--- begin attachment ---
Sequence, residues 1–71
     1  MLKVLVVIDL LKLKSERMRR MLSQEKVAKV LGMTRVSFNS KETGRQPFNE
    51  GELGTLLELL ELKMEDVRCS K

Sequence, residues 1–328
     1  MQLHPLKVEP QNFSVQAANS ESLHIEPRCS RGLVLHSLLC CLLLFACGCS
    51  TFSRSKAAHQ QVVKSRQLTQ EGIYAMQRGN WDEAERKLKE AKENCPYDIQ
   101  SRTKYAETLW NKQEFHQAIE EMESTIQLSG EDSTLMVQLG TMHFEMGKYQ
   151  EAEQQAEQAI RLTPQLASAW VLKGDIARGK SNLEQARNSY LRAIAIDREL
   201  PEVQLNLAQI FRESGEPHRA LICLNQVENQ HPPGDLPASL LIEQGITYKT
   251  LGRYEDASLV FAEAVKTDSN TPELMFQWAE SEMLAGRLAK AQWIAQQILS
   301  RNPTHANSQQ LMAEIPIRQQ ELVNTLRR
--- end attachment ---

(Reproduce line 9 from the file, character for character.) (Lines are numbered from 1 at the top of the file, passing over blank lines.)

   201  PEVQLNLAQI FRESGEPHRA LICLNQVENQ HPPGDLPASL LIEQGITYKT